June 16, 2016; WJXT-TV (Jacksonville, FL)

It is an old story: a new executive arrives to helm a nonprofit helm only to uncover all the issues so carefully downplayed during the hiring process. But in the case of the Wounded Warrior Project, which has a new CEO after months without one, that discovery process may have already taken place after six months or more of intense scrutiny by the press and Congress.

WWP’s board of directors announced last week that it had appointed Michael Linnington to the CEO position he will assume on July 18th. Linnington’s 35-year military career includes three tours in combat and a stint immediately before this as the director of the Defense POW/MIA Accounting Agency, a position he’s held only since 2015.

As NPQ readers know, Wounded Warrior Project’s former chief executive officer, Steven Nardizzi, and chief operating officer, Al Giordano, were asked to leave in March after media reports of lavish spending emerged, causing donors and, eventually, Senator Charles Grassley (R-IA) and the Senate Judiciary Committee to take notice. The ouster was meant to start to “restore trust in the organization among all of the constituencies WWP serves.”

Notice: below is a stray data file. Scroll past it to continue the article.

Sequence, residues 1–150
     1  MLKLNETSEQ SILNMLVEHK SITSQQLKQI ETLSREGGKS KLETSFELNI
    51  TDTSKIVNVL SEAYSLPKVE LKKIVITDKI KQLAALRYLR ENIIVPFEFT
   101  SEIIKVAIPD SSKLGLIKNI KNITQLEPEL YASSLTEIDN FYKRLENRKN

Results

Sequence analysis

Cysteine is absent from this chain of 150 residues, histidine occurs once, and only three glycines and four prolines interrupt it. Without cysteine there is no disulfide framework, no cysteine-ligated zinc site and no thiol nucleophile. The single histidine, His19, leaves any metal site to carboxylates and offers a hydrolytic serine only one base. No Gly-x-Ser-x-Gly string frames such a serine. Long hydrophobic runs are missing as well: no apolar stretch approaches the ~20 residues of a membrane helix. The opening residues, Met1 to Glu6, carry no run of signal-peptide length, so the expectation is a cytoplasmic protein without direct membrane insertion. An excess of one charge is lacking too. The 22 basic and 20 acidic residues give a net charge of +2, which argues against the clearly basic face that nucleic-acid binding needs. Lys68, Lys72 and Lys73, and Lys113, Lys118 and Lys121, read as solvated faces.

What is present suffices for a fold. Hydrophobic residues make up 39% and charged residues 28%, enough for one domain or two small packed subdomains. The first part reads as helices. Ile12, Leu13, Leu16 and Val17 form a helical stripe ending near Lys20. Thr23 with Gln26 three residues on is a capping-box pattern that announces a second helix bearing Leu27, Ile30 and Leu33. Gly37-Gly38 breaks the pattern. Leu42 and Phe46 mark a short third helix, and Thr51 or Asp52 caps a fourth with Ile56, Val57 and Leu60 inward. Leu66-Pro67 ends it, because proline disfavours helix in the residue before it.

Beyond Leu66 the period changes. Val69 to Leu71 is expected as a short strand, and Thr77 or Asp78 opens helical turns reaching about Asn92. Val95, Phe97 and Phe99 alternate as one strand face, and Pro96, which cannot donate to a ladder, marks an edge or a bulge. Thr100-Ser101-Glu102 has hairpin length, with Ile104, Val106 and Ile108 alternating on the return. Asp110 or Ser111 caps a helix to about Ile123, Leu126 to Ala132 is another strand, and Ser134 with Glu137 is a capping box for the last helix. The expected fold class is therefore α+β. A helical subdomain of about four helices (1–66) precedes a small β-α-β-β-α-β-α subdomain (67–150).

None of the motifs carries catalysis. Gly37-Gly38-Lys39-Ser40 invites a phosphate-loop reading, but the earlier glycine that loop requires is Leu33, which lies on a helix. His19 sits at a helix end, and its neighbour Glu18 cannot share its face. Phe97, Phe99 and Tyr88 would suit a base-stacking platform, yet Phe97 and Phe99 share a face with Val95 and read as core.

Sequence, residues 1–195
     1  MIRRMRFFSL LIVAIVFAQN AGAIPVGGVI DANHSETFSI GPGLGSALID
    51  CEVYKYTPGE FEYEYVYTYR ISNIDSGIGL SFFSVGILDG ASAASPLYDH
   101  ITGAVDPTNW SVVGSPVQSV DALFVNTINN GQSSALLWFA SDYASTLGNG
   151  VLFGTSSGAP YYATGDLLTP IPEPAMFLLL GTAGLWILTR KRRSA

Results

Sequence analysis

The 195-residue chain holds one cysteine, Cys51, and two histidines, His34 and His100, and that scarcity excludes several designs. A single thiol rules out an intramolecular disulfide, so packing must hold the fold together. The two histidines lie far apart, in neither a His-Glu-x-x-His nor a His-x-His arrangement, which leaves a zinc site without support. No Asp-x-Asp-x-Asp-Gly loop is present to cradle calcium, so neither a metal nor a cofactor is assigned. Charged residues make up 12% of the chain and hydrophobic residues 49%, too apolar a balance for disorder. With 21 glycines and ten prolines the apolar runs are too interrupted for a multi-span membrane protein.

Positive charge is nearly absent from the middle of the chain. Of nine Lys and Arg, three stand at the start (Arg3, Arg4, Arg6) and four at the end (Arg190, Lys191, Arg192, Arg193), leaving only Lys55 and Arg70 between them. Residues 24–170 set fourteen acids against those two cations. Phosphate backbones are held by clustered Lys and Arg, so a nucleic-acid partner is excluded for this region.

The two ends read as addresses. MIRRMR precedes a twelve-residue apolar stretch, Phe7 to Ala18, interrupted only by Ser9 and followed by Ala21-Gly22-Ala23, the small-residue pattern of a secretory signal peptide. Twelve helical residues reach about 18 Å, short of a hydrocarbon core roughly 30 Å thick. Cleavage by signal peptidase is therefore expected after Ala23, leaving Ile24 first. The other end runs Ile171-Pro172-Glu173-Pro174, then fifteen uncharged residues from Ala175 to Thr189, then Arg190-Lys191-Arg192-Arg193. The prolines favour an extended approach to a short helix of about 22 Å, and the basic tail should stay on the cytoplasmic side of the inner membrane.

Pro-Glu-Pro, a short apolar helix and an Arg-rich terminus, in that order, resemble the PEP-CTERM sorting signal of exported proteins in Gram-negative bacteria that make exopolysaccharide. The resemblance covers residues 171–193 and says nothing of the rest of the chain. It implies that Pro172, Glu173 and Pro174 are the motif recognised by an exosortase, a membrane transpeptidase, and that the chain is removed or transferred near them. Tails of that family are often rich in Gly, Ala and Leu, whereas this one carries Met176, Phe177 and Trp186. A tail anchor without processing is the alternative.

The chair of WWP’s board of directors, Anthony Odierno, said of the appointment that “Mike understands the unique needs of our nation’s veteran community, is a collaborative team-builder, and is deeply committed to fulfilling our mission of honoring and empowering Wounded Warriors.”

And while he ramps up for that hard job, as Odierno said, Linnington will have to consider very carefully how that lost trust will be restored. Among the issues that have emerged is the possible misallocation of fundraising costs as program costs in a process called “joint cost allocation.” The numbers given by the organization have varied from time to time, and the Senate Judiciary Committee was not persuaded by WWP’s estimates of the proportion of expenses spent on programs for veterans as late as last month.

“When our wounded veterans return home from combat, they rely on WWP and the organization’s dedicated team to provide necessary physical and mental health services, as well as economic empowerment and engagement programs that make a meaningful impact on their lives, and the lives of their families and caregivers,” said Linnington. “Being part of an organization committed to this important mission is a sacred duty and solemn responsibility.”—Ruth McCambridge